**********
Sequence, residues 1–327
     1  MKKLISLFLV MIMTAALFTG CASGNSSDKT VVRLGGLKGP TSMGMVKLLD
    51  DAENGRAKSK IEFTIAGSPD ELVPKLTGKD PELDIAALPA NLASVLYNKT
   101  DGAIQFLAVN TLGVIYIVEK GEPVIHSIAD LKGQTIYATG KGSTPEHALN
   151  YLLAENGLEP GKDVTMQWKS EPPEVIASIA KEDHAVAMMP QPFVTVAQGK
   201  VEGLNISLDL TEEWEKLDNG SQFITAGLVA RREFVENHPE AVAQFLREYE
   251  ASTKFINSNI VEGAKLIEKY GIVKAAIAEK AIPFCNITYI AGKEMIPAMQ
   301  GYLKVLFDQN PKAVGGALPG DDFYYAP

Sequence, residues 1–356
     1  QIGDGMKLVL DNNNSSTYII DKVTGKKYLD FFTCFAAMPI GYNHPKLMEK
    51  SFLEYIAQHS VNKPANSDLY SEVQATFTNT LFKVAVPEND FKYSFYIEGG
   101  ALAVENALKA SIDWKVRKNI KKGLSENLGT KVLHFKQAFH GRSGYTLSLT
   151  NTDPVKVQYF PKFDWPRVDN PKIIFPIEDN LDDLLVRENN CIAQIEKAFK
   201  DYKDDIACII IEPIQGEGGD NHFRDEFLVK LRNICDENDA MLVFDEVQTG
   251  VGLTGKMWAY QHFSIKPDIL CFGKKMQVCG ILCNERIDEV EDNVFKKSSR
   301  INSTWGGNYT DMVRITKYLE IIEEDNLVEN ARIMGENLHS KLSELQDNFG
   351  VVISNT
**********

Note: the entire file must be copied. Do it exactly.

Sequence, residues 1–327
     1  MKKLISLFLV MIMTAALFTG CASGNSSDKT VVRLGGLKGP TSMGMVKLLD
    51  DAENGRAKSK IEFTIAGSPD ELVPKLTGKD PELDIAALPA NLASVLYNKT
   101  DGAIQFLAVN TLGVIYIVEK GEPVIHSIAD LKGQTIYATG KGSTPEHALN
   151  YLLAENGLEP GKDVTMQWKS EPPEVIASIA KEDHAVAMMP QPFVTVAQGK
   201  VEGLNISLDL TEEWEKLDNG SQFITAGLVA RREFVENHPE AVAQFLREYE
   251  ASTKFINSNI VEGAKLIEKY GIVKAAIAEK AIPFCNITYI AGKEMIPAMQ
   301  GYLKVLFDQN PKAVGGALPG DDFYYAP

Sequence, residues 1–356
     1  QIGDGMKLVL DNNNSSTYII DKVTGKKYLD FFTCFAAMPI GYNHPKLMEK
    51  SFLEYIAQHS VNKPANSDLY SEVQATFTNT LFKVAVPEND FKYSFYIEGG
   101  ALAVENALKA SIDWKVRKNI KKGLSENLGT KVLHFKQAFH GRSGYTLSLT
   151  NTDPVKVQYF PKFDWPRVDN PKIIFPIEDN LDDLLVRENN CIAQIEKAFK
   201  DYKDDIACII IEPIQGEGGD NHFRDEFLVK LRNICDENDA MLVFDEVQTG
   251  VGLTGKMWAY QHFSIKPDIL CFGKKMQVCG ILCNERIDEV EDNVFKKSSR
   301  INSTWGGNYT DMVRITKYLE IIEEDNLVEN ARIMGENLHS KLSELQDNFG
   351  VVISNT